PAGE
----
Chernobyl Litany, by Gemma Files



It goes up, forever. Changes the sky’s color.
A howl in the sere grass. A death, root-sunken,
resonates down into the water table, nested rings
of shale and lava. A tremble in the hand, a shiver.

It lasts a thousand years. Unknits your cells,
decays you from core code outwards. Your veins unravel,
spill black pus and yellow, lymph. The dead flux,
all white, no red.
You become a hot sack, plague-full, radiant.
You can no longer be touched.
They bury you in lead,
under concrete, a salt-sown field.

Your grave now marks
where all past futures end.


You eat light in slices, citrine
uranium glass at your wrists, throat
leaking slowly.

The elephant’s foot spreads out, like rot—
bulges to block the way back in, even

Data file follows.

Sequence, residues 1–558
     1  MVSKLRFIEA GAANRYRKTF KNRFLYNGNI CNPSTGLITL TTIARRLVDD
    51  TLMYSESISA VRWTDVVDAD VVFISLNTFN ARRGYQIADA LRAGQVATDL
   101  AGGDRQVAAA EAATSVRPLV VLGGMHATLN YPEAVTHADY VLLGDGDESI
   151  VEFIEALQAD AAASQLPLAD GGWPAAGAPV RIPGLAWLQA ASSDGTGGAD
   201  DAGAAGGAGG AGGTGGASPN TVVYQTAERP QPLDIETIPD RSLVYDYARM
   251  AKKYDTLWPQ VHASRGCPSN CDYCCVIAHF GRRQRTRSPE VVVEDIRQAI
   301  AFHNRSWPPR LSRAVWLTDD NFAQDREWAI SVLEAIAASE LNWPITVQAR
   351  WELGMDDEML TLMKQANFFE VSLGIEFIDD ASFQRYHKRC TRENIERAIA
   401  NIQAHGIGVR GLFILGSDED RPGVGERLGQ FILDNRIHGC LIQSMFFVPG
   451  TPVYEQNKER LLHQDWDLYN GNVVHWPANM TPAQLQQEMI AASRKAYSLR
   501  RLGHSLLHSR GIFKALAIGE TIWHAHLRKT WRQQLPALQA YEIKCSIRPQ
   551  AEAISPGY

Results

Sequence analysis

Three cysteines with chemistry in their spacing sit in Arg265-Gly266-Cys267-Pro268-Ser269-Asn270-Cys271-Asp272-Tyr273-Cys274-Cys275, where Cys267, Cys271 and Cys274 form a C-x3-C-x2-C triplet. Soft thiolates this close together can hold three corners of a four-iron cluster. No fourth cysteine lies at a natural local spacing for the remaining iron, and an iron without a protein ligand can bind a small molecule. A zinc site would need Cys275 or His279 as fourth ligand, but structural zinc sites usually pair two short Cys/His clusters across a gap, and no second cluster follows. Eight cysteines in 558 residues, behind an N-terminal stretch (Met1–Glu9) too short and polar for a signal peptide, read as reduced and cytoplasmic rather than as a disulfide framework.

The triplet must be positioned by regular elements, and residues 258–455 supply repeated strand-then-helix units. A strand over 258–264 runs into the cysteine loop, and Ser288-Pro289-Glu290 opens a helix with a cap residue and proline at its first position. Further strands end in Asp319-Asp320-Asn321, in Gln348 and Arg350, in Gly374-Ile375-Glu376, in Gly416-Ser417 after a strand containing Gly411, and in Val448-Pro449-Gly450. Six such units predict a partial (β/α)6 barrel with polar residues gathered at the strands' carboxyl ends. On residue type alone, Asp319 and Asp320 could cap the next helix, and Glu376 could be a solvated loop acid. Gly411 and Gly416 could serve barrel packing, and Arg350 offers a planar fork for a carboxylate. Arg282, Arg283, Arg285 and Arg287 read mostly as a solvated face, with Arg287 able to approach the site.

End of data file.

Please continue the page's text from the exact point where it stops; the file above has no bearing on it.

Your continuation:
through that unlocked door.
No way to take photos:
every frame of film exposes itself
on contact.

This gray bulge of something nascent,
a plague unborn.
In future we will know it
only through its symptoms.


It was never as bad as thought, just
exactly bad enough.
As bad as unnecessary.
When asked how much more
might be needed, the answer, always:

Formerly a film critic, journalist, screenwriter and teacher, Gemma Files has been an award-winning horror author since 1999. She has published for collections of short work, three collections of speculative poetry, a Weird Western trilogy, a story-cycle and a stand-alone novel (Experimental Film, which won the 2015 Shirley Jackson Award for Best Novel and the 2016 Sunburst Award for Best Adult Novel). She has a new story collection just out from Grimscribe Press (In This Endlessness, Our End), and another upcoming. 

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